CHeBA Visiting Lecture Series presents Professor Rajesh Kalaria of Newcastle University, for his talk:
The presentation will be followed by a live Q&A session with Professor Kalaria.
Dementia develops in 30% of elderly people who survive after stroke. Various brain structure changes associated with neurodegenerative dementias such as total cerebral volume, medial temporal lobe atrophy and cortical thinning, also relate to cognitive dysfunction in cerebrovascular disease. I will provide selected updates on the clinicopathological aspects of the primarily MRC funded Cognitive Function after Stroke (CogFAST) study, which began some 20 years ago. In this largest study of its kind, we demonstrate the association of coronary artery stenosis with stroke injury and suggest that coronary artery diseease also enhances SVD type of pathology contributing to development of dementia in post-stroke survivors.
The work is supported by the Medical Research Council (UK), the Dunhill Medical Trust (UK), the Royal Society, Alzheimer’s Research UK (ARUK) and Alzheimer’s Society (AS), UK.
Raj Kalaria is Leader of Neurovascular Research Group in the Translational and Clinical Research Institute, Newcastle University. He is a Professor of Pathology (Cerebrovascular Diseases) and a neuroepidemiologist. He qualified from King’s College, University of London and the Royal College of Pathologists. His interests include the interface between Alzheimer disease (AD) and vascular dementia (VaD), Post-Stroke Dementia and Small Vessel Diseases of the Brain. He has contributed to consensus criteria for Vascular Cognitive Impairment and leads dementia research projects in indigenous populations of developing countries, particularly sub-Saharan Africa. Prof Kalaria is a member of the Africa Task Force of the European Academy of Neurology. He is currently the liaison officer for IBRO-WFN and Chair/President of the International Society for Vascular Behavioural and Cognitive Disorders (VasCog).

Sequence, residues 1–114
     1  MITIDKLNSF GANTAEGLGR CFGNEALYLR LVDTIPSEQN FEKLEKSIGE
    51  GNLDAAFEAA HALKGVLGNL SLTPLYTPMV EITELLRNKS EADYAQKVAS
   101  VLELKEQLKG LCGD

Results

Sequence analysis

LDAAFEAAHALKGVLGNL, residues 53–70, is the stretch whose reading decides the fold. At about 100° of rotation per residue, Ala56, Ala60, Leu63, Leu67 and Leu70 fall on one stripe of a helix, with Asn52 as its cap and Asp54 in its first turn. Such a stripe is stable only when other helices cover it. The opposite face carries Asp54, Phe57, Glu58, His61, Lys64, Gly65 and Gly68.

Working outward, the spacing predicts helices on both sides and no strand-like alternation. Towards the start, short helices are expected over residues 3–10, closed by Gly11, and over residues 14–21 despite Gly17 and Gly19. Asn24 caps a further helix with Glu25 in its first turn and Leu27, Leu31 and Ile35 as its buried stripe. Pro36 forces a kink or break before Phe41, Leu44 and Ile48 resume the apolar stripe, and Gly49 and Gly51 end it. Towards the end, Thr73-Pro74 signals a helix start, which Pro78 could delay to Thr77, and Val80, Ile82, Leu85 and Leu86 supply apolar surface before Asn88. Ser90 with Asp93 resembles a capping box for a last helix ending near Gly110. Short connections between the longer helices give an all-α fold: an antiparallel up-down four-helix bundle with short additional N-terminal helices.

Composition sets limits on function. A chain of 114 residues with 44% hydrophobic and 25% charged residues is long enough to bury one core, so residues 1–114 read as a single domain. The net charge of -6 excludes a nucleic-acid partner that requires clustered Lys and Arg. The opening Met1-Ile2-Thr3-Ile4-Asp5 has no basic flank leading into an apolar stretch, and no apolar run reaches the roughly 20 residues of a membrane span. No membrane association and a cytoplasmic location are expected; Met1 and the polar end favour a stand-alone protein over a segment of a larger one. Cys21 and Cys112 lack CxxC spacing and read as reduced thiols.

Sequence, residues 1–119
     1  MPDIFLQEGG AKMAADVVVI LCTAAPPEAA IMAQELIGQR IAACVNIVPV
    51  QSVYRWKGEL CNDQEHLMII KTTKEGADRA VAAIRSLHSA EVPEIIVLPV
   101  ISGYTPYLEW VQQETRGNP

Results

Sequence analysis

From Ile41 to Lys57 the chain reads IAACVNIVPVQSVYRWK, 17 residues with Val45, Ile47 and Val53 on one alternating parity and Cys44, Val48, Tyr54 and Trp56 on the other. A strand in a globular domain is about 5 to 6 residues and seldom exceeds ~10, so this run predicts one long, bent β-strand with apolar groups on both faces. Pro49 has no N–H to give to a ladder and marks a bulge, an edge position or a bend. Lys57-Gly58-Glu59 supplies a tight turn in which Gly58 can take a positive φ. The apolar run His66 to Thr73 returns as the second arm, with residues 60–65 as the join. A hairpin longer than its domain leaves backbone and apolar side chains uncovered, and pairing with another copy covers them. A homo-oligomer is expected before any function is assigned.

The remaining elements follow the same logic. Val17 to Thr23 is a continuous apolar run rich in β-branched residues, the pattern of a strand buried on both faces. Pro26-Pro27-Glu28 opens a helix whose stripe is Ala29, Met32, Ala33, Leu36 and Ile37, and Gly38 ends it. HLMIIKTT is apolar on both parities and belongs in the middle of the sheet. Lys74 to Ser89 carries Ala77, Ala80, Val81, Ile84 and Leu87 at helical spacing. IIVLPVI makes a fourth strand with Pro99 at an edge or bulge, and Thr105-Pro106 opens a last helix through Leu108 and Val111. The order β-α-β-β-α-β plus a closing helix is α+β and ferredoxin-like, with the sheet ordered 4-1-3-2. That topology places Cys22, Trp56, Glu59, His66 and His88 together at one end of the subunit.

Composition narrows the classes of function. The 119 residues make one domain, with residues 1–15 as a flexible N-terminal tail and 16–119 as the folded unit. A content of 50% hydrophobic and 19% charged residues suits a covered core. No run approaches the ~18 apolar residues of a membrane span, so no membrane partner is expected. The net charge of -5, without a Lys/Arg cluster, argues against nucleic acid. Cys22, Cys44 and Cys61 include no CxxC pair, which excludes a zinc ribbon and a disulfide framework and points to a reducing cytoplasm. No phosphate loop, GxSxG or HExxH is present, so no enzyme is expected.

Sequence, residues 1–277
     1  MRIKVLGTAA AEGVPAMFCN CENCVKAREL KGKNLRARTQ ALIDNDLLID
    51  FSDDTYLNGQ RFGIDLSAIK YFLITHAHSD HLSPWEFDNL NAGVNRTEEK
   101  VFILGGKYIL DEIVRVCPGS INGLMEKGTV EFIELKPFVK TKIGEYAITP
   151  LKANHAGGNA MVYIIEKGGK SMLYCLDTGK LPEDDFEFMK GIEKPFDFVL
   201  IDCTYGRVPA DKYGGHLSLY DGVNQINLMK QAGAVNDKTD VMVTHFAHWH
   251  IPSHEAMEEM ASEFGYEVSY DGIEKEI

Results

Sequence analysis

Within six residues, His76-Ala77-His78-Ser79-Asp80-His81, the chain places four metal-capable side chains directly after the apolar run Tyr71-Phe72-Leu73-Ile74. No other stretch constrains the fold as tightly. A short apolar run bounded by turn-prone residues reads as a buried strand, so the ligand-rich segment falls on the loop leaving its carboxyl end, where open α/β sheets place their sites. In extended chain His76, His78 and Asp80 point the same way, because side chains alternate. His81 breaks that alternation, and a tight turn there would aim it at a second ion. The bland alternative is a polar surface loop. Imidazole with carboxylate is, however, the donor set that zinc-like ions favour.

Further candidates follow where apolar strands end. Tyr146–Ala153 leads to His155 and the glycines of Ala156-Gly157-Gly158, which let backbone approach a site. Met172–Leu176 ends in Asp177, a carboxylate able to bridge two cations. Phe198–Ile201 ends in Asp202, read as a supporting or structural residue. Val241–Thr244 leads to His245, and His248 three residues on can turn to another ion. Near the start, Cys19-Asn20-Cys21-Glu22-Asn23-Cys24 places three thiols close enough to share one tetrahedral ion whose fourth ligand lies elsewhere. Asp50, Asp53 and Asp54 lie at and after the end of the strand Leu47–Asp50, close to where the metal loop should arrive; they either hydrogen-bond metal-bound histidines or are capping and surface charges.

For more upcoming Visiting Lecture Series events as well as past presentations, CLICK HERE.